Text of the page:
Dr. Spector Discusses the Complexities of Cancer

Neil L. Spector, MD
Published: Monday, Mar 26, 2012

Neil L. Spector, MD, co-director, Experimental Therapeutics, Duke Cancer Institute, Duke University Medical Center, Durham, North Carolina, explains that the initial data received from genomic, mutation, and gene expression analyses have illuminated the hidden complexities of cancer.

Historically breast cancer has paved the way in the research of molecular subgroups. The subclassification of this disease continues to dive deeper and researchers are now looking at subtypes of the subtypes.

While research has advanced, the area of triple-negative breast cancer still requires a more thorough subanalysis in order to provide better care. For instance, if a cancer is androgen receptor-positive it is more likely to respond to anti-androgen therapies. This allows for the personalization of care by providing the therapy that is most likely to be effective, based on genetics.

Tools are currently available to find the subsets that will likely respond to any given targeted therapy. This approach will help researchers pinpoint the targets that may or may not have an established therapy.

Neil L. Spector, MD, co-director, Experimental Therapeutics, Duke Cancer Institute, Duke University Medical Center, Durham, North Carolina, explains that the initial data received from genomic, mutation, and gene expression analyses have illuminated the hidden complexities of cancer.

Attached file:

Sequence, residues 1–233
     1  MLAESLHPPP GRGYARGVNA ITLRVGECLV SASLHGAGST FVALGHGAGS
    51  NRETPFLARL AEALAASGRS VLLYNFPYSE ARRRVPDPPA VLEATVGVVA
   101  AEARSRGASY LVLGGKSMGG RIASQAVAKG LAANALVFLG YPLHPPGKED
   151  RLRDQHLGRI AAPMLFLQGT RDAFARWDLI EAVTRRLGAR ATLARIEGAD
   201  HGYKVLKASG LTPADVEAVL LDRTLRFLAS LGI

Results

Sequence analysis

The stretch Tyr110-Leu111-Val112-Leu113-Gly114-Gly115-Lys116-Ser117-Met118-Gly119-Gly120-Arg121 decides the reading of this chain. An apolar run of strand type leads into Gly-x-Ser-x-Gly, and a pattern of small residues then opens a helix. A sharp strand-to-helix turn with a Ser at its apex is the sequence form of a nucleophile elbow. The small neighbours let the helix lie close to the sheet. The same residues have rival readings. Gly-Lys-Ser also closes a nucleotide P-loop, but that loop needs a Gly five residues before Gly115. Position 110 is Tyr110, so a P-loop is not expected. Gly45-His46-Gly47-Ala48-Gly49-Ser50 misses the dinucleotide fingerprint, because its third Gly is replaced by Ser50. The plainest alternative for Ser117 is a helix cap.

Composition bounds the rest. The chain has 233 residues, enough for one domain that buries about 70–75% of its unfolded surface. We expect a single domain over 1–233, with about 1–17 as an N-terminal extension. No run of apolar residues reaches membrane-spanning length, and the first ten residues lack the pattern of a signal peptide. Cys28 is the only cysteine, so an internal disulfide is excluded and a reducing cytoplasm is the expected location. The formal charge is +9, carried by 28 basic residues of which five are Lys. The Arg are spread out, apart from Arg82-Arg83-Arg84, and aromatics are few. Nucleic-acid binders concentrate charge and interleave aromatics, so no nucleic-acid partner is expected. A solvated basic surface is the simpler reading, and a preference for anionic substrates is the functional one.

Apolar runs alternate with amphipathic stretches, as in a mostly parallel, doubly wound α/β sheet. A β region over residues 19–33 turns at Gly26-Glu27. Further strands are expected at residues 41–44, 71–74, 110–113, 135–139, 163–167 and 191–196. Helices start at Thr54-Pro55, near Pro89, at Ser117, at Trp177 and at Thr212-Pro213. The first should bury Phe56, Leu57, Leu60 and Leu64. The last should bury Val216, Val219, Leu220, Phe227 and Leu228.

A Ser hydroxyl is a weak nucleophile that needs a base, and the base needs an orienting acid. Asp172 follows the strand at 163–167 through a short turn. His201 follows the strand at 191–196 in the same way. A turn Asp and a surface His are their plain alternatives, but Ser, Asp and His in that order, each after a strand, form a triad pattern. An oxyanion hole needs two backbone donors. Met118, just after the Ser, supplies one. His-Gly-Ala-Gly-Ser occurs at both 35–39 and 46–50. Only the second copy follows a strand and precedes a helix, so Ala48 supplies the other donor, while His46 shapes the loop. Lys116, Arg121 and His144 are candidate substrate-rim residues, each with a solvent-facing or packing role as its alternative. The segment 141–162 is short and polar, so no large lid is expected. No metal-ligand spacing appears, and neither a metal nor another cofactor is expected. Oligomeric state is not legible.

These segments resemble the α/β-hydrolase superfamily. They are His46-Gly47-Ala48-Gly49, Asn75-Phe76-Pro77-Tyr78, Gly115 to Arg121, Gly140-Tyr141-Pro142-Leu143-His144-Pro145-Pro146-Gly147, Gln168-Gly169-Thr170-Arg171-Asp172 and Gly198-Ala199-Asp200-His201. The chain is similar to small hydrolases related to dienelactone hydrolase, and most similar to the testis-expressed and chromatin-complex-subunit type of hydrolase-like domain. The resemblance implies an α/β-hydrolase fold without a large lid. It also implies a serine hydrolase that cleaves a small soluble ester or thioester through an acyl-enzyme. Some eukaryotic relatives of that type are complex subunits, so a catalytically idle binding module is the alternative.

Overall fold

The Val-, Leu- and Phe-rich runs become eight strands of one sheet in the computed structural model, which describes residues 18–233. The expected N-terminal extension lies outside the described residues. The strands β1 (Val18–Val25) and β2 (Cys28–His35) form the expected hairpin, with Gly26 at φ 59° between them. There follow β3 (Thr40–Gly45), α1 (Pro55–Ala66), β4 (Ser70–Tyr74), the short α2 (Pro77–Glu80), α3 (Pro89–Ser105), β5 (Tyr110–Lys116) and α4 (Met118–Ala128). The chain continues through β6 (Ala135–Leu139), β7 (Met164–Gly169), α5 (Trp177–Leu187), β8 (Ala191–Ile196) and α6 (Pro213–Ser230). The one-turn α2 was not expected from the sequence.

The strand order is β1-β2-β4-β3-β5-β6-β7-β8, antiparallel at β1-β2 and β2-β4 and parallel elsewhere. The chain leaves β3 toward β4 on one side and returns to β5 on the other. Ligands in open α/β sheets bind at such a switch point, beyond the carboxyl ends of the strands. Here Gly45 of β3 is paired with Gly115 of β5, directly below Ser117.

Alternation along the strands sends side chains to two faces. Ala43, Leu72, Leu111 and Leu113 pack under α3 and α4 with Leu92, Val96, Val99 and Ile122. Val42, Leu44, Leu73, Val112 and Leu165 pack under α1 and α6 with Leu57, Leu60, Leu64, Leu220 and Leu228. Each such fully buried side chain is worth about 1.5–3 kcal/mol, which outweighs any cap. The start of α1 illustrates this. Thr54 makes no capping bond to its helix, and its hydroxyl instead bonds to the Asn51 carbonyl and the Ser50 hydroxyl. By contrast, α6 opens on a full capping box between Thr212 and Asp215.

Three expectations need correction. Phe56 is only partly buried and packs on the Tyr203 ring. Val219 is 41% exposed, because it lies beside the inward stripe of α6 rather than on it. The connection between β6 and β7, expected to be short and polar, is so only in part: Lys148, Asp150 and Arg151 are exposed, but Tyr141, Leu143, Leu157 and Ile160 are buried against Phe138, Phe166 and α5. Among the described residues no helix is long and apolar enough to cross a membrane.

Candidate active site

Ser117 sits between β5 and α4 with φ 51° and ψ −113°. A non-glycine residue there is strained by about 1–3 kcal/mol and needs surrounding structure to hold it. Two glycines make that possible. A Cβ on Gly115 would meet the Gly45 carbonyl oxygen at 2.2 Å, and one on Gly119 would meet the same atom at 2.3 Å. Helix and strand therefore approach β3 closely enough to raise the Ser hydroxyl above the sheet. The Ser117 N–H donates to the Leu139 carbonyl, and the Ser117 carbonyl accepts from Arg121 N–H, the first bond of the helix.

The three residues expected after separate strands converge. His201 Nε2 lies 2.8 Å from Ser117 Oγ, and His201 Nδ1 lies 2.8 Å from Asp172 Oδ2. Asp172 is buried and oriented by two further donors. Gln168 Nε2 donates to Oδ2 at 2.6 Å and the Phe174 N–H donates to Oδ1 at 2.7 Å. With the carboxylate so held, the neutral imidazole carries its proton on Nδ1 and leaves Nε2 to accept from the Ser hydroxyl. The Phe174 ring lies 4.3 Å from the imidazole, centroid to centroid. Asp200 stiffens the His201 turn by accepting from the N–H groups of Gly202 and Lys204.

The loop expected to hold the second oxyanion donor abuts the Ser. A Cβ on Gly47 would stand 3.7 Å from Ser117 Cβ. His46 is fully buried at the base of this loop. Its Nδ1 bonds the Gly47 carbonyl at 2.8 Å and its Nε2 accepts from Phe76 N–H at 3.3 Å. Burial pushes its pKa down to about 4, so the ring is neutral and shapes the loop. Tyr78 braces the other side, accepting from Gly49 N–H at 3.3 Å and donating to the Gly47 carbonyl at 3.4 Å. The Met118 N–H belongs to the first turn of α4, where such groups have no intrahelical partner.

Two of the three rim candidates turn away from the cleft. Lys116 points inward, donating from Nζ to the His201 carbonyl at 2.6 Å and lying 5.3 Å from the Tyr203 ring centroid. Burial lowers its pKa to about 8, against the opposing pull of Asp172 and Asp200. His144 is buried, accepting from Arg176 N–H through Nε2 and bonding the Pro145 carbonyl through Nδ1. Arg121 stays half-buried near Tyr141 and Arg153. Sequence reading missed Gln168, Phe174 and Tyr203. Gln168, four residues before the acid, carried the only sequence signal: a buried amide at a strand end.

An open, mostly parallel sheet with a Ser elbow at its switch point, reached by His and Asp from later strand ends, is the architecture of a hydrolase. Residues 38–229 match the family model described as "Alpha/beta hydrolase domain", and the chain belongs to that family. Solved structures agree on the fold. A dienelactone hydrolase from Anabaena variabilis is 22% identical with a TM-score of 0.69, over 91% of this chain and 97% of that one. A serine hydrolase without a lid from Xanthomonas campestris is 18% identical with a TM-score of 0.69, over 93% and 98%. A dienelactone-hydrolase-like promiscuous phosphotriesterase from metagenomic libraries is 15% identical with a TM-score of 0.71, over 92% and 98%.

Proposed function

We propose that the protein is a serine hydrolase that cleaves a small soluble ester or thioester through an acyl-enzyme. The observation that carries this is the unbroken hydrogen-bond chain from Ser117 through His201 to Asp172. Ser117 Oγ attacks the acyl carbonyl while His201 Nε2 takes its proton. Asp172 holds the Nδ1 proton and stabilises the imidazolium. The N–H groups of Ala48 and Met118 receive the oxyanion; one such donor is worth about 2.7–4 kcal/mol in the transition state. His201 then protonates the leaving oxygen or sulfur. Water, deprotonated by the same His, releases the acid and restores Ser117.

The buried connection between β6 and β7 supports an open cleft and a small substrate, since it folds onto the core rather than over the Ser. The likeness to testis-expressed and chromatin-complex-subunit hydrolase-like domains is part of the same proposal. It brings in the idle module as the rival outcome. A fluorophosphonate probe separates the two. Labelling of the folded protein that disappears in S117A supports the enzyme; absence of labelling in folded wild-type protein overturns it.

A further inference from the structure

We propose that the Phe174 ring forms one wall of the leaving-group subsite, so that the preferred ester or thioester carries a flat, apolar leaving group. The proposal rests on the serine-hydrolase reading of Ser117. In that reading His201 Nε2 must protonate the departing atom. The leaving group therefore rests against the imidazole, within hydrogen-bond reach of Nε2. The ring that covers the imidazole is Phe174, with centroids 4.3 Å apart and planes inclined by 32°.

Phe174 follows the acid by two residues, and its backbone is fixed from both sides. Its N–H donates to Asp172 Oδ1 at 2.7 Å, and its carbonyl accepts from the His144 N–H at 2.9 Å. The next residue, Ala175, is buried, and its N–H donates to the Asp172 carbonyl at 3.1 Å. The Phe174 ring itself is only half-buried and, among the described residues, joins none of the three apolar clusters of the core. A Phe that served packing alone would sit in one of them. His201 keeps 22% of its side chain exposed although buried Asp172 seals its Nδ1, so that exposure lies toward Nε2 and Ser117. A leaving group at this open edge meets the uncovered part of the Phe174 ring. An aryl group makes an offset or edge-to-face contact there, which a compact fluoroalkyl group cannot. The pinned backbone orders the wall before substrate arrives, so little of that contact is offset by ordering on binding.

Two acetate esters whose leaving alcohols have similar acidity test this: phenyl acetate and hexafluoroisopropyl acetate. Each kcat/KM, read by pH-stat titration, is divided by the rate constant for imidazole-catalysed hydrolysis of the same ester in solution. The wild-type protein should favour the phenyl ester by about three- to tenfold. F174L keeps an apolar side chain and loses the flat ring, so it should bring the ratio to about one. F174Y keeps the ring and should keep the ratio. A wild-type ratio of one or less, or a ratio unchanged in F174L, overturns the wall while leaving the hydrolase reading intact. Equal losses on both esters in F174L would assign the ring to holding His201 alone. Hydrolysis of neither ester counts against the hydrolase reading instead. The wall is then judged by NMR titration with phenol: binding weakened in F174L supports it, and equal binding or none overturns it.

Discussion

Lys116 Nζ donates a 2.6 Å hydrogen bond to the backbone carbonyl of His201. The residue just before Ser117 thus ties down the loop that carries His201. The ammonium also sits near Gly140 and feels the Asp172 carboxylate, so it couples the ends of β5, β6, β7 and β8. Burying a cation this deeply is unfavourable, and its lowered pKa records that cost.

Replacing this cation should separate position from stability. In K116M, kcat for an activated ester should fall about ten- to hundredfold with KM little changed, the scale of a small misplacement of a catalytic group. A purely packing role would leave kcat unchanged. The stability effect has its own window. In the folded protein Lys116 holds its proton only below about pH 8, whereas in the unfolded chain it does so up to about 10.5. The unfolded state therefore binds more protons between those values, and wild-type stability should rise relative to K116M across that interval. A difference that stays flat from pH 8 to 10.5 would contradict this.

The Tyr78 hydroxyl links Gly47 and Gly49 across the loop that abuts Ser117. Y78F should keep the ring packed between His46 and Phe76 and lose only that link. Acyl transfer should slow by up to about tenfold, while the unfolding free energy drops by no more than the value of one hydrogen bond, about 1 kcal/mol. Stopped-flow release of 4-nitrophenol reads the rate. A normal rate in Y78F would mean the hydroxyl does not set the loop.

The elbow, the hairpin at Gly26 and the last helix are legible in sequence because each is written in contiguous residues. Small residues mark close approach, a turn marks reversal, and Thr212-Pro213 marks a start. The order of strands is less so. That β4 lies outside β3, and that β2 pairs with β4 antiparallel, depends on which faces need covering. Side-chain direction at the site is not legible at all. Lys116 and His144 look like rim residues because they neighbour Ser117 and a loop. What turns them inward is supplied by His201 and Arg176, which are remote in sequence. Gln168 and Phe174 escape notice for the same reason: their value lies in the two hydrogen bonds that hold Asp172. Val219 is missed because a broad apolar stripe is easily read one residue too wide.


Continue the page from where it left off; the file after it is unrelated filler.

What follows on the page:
Historically breast cancer has paved the way in the research of molecular subgroups. The subclassification of this disease continues to dive deeper and researchers are now looking at subtypes of the subtypes.

While research has advanced, the area of triple-negative breast cancer still requires a more thorough subanalysis in order to provide better care. For instance, if a cancer is androgen receptor-positive it is more likely to respond to anti-androgen therapies. This allows for the personalization of care by providing the therapy that is most likely to be effective, based on genetics.

Tools are currently available to find the subsets that will likely respond to any given targeted therapy. This approach will help researchers pinpoint the targets that may or may not have an established therapy.


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